GONZAGA, Cagayan - A wrecked water tank of the village health center is all that is left of Zone 7 of Barangay Caroan, a village along the coastline of Gonzaga town in Cagayan province. Around 100 houses used to stand in the coastal area but are now submerged under water.
Residents who attended a Bayan Mo iPatrol Mo workshop in the village on October 3 expressed fears that water may also swallow their houses in the coming days. To make things worse, no relocation site has been assigned and residents said they have nowhere to go.
The coastline of Gonzaga, which is surrounded by water from the Babuyan Channel in the north, the Buguey Lagoon in the west and a small river in the south, started to subside as early as the 1990s, Municipal Planning and Development Coordinator Emy Bukaneg said in an interview. "Tubig ang kalaban ng barangay," he said.
However, village councilor Armando Sola said drastic subsidence of the coastline in their village started when black sand mining companies started exploration in 2010. Studies from local and international groups have proven this observation to be true.
The complete list of existing Mineral Production Sharing Agreement (MPSA) from the Mines and Geosciences Bureau (document dates June 30, 2015) shows four mining corporations were approved to explore magnetite and other associated mineral deposits starting June 9, 2010 in offshore areas of Sanchez Mira, Pamplona, Abulug, Ballesteros, Aparri, Buguey and Gonzaga in the province of Cagayan. In September 2013, 10 more firms were granted mining permits in the province.
Polio-stricken Eddie Noriega, 50, used to live with his wife in Zone 7 of Barangay Caroan. In 2014, they had to leave their home and transfer to Zone 6. "Nilalamon na ng tubig ang tinatayuan ng bahay namin kaya kailangan namin lumipat," he said.
This phenomenon was observed as early as 2010, just a few months after the area was opened for black sand mining explorations. Leon Dulce, campaign coordinator of the environmental group Kalikasan, said their group conducted an Environmental Investigation Mission from Sept 18-19, 2010 in the municipalities of Cagayan including Gonzaga.
The mission found out that "magnetite mining operations in the coastal areas of Gonzaga and Aparri were found to have resulted in increased vulnerability to and actual erosion through the destruction of sand dunes and the disruption of the coastal sediment budget."
Two years after, the group conducted an Environmental and Social Risk Appraisal on the municipalities of Gonzaga, Aparri and Buguey. The follow-up study reconfirmed the conclusions of the 2010 mission on coastal erosion.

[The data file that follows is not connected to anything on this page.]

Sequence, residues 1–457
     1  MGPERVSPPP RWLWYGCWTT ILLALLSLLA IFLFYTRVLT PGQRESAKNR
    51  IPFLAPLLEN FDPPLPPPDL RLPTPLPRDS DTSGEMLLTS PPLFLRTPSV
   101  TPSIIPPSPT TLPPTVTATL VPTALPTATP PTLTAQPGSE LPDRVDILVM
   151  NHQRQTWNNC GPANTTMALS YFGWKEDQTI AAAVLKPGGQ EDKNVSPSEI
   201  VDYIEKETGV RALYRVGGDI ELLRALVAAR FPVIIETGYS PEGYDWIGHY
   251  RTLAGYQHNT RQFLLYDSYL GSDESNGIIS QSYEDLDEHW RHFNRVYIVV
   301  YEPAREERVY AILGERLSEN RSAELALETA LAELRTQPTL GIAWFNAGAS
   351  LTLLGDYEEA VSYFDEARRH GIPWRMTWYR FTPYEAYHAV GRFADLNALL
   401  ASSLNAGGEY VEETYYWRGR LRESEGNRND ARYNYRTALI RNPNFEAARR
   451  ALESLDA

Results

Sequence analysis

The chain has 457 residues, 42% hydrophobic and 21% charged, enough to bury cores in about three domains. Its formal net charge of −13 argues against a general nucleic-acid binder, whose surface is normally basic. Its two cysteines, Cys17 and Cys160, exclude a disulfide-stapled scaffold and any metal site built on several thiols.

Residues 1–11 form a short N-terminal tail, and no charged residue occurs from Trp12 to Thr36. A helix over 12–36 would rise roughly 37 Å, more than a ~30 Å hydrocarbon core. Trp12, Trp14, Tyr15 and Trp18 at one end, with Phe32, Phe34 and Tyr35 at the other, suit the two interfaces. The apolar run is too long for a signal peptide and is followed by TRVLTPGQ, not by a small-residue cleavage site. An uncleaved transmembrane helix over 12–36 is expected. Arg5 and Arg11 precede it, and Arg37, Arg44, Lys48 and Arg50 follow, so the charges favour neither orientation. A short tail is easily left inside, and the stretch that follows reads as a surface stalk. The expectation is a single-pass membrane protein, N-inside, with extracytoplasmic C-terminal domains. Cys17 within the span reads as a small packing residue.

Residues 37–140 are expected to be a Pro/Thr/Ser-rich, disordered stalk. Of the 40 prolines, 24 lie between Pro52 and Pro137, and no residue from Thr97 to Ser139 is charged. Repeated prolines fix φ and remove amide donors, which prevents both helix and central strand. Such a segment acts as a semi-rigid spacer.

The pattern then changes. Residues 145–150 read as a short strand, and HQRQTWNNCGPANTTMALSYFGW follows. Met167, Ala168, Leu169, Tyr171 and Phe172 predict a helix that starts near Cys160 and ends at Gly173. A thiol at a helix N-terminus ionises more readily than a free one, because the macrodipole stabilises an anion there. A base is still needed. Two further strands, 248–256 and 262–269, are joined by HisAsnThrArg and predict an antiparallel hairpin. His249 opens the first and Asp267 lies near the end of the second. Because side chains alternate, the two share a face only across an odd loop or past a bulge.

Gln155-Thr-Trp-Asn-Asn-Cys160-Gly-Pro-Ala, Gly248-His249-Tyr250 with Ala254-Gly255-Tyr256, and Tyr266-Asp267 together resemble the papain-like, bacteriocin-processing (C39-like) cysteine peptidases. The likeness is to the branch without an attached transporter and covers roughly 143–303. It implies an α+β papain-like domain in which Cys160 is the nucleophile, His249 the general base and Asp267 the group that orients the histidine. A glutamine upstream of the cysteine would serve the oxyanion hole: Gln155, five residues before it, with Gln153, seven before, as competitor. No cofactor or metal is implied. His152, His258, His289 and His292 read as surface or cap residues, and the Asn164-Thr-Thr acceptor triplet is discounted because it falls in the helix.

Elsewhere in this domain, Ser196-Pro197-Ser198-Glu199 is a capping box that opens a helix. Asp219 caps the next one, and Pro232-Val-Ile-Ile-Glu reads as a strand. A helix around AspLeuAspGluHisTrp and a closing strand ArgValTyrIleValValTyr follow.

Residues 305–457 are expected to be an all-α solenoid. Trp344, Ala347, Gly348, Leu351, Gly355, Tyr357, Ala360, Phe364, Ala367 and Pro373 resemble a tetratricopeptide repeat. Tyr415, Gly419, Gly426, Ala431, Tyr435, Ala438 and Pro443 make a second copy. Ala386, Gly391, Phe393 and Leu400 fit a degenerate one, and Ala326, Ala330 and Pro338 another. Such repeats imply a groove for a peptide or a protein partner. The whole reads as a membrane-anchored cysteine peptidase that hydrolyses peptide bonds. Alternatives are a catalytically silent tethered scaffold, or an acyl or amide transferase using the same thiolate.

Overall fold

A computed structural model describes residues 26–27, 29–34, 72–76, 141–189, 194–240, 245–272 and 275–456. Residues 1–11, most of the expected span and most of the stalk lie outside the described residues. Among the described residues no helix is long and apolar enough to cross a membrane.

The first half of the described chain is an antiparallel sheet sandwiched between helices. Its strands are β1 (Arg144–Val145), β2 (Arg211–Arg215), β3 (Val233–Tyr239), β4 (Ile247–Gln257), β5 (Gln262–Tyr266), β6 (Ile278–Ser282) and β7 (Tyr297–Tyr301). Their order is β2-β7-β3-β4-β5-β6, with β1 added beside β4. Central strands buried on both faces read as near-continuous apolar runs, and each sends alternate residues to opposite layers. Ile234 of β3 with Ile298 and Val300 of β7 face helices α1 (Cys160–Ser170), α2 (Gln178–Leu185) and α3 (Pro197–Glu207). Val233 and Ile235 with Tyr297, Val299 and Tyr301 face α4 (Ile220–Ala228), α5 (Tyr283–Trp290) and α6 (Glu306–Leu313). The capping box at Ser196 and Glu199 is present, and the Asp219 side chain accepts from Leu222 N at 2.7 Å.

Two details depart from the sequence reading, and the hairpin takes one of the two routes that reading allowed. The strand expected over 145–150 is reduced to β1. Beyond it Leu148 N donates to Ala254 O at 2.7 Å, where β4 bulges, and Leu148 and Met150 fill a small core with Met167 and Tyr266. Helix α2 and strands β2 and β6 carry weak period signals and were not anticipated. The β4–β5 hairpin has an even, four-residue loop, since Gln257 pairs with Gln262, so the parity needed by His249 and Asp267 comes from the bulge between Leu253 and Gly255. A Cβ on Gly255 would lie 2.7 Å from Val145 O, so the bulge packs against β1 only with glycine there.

A more recent study entitled Characterization of Black Sand Mining Activities and their Environmental Impacts in the Philippines Using Remote Sensing published in January 28, 2016 by US geologists Estelle Chaussard of the State University of New York and political scientist Sarah Kerosky of the University of California, evaluated the environmental impacts of black sand mining through remote sending. The study highlighted threats to coastal towns nearby black sand mining activities.
"Since most mining sites are at low elevation, the rapid subsidence results in high exposure to flooding and seasonal typhoons, and amplifies the effect of climate change-drien sea level rise," the study concluded.
The study also said that subsidence will likely continue to affect the areas even decades after the cessation of mining activities due to the disruption of the sediment budget.
Meanwhile, Dulce said immediate intervention should be done to save the coastal areas of Gonzaga and other black sand mining areas from sinking.
Bukaneg said the local government plans to build infrastracture projects like a riverbank protection and a sea wall to help save the coastal areas of Gonzaga.
Dulce however said this is not enough. "If magnetite is extracted from the area, there should be a process of rehabilitation. The area should be brought back closer to its original state," he said, adding that the government's planned infrastructure mitigation should be mixed with green belting. "There should be a study on how to restore the ecosystem. If there is no appropriate rehabilitation measure, the areas will be left vulnerable to erosion," Dulce added.
The Mining Act of 1995 states that mining companies have the responsibility of ensuring the rehabilitation of the mining areas. Section 71 of Chapter 11 of the mining law states that "contractors and permittees shall technically and biologically rehabilitate the excavated, minedout, tailings covered and distributed areas to the condition of the environmental safety."